To me, that means that if a chauffeur is driving the car the owner is
not "in possession of the key" and cannot be seen to have an "intention
to drive" so is not legally "in charge" of the car.
In this description from a firm of lawyers in England I have marked **
those parts which suggest strongly that if the car is being driven by a
chauffeur it is the chauffeur who is legally "in charge" of the car, not
the intoxicated owner in the back seat:
Drunk in Charge of a Motor Vehicle
Is it ever a good idea to sleep in your car having had too much to
Most people are fully aware that it is a criminal offence to drive a
vehicle after having consumed so much alcohol that they exceed the
prescribed limit, but it is also an offence to be in charge of a
vehicle whilst drunk or unfit through drugs.
Motorists who are sleeping, or sitting in their vehicle have found
themselves facing serious charges despite the fact that they have
not actually driven or attempted to drive a vehicle. Although a
Drunk in Charge allegation is not as serious as Drink Driving, if
found guilty you will not only be in receipt of a criminal record
but it will also cause serious implications on your ability to drive
as the court could impose:
How is “in charge” defined?
There is no definition of “in charge” and the courts have been keen
to avoid an all-embracing test.
In determining if a person is in charge the court will consider:
Whether he was in the vehicle, if so where, or how far he was
What he was doing at the time;
** Whether he was in possession of the key for the ignition;
** Whether there was any evidence of an intention to take some form
** of control of the vehicle;
Whether any person was in or near the vehicle and if so the
particulars of that person.
You could also be prosecuted if you are found in the passenger seat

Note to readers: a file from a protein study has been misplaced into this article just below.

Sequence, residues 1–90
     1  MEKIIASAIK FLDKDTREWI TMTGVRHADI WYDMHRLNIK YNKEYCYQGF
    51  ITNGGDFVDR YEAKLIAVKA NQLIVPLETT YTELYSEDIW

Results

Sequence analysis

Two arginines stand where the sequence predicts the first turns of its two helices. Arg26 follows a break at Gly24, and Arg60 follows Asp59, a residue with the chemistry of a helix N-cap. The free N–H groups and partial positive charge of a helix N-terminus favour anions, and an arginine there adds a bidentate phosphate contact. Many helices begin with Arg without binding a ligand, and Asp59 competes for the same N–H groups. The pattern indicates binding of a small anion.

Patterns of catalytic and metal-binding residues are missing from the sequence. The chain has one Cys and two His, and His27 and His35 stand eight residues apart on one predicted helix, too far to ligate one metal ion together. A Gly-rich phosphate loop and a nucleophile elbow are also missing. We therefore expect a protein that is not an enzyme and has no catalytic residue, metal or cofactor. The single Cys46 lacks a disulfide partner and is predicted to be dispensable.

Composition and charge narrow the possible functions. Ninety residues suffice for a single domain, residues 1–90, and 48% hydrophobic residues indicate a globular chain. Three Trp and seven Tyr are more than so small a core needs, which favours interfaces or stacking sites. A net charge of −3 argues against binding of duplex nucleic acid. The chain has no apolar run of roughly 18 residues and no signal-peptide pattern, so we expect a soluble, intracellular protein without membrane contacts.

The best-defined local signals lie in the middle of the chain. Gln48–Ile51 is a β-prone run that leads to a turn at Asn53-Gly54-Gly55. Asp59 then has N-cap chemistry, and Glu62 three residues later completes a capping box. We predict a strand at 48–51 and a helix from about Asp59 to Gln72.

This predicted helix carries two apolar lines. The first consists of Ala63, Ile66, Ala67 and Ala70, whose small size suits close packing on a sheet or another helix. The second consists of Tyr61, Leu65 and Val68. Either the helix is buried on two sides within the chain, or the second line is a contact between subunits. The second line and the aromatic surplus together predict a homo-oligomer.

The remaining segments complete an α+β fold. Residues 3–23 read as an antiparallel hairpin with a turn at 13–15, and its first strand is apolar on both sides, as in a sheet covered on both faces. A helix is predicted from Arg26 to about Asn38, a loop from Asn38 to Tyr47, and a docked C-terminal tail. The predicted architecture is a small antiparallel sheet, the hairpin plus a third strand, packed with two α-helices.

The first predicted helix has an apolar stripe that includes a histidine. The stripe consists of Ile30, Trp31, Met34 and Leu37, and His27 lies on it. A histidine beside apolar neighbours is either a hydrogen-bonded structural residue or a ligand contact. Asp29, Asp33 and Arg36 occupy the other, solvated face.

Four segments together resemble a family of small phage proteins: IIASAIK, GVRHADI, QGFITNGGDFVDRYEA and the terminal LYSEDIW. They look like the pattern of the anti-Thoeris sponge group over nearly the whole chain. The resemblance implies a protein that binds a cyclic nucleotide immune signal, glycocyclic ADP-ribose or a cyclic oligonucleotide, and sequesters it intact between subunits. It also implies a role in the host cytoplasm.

or the back seats. You do not have to be sitting in the driver’s
seat to be considered “in charge”.
However those that own or lawfully are in possession of the vehicle
or have recently driven it are deemed to remain in charge unless it
can be shown:
** that they had put the vehicle into someone else’s charge
** or can establish that they had ceased to be in control AND there
** was no realistic prospect of resuming control whilst unfit.
Are there defences available?
The law states that someone cannot be convicted of an “in charge”
** offence if they can prove there was no intention and / or likelihood
** of the vehicle being driven whilst the driver was over the
** prescribed limit.
Unlike many other offences, with the offence of being drunk in
charge, the accused must prove that they did not have any intention
to drive the vehicle. The prosecution is not required to prove that
the accused was likely to drive whilst unfit or over the limit.
** A defence is available if it can be shown that there was no
** likelihood of driving whilst over the prescribed limit and doing
this should be established by expert scientific evidence or
** compelling circumstantial evidence. These defences are known as
 I'm using "chauffeur" to include anyone driving the car with the
owner's authorisation, not necessarily an employee.
Peter Duncanson, UK